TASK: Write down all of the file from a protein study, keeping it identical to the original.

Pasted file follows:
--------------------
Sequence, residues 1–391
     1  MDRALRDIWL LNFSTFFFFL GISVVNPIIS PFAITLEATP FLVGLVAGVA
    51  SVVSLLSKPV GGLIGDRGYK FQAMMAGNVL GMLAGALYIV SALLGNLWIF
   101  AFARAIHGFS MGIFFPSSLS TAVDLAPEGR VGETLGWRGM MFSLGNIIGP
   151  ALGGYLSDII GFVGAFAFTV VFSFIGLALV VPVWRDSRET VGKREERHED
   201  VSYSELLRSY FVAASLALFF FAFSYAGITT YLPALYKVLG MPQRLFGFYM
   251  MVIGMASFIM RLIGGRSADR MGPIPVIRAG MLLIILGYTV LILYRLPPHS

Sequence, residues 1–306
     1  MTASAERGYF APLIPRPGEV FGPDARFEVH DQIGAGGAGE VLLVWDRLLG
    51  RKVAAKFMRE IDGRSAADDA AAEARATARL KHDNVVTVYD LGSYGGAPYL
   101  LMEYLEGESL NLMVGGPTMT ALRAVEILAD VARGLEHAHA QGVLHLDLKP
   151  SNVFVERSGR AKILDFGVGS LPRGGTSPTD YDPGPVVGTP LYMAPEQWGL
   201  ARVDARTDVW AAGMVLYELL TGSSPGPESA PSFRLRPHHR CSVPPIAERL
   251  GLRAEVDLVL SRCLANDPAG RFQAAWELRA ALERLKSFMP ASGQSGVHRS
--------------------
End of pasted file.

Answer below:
Sequence, residues 1–391
     1  MDRALRDIWL LNFSTFFFFL GISVVNPIIS PFAITLEATP FLVGLVAGVA
    51  SVVSLLSKPV GGLIGDRGYK FQAMMAGNVL GMLAGALYIV SALLGNLWIF
   101  AFARAIHGFS MGIFFPSSLS TAVDLAPEGR VGETLGWRGM MFSLGNIIGP
   151  ALGGYLSDII GFVGAFAFTV VFSFIGLALV VPVWRDSRET VGKREERHED
   201  VSYSELLRSY FVAASLALFF FAFSYAGITT YLPALYKVLG MPQRLFGFYM
   251  MVIGMASFIM RLIGGRSADR MGPIPVIRAG MLLIILGYTV LILYRLPPHS

Sequence, residues 1–306
     1  MTASAERGYF APLIPRPGEV FGPDARFEVH DQIGAGGAGE VLLVWDRLLG
    51  RKVAAKFMRE IDGRSAADDA AAEARATARL KHDNVVTVYD LGSYGGAPYL
   101  LMEYLEGESL NLMVGGPTMT ALRAVEILAD VARGLEHAHA QGVLHLDLKP
   151  SNVFVERSGR AKILDFGVGS LPRGGTSPTD YDPGPVVGTP LYMAPEQWGL
   201  ARVDARTDVW AAGMVLYELL TGSSPGPESA PSFRLRPHHR CSVPPIAERL
   251  GLRAEVDLVL SRCLANDPAG RFQAAWELRA ALERLKSFMP ASGQSGVHRS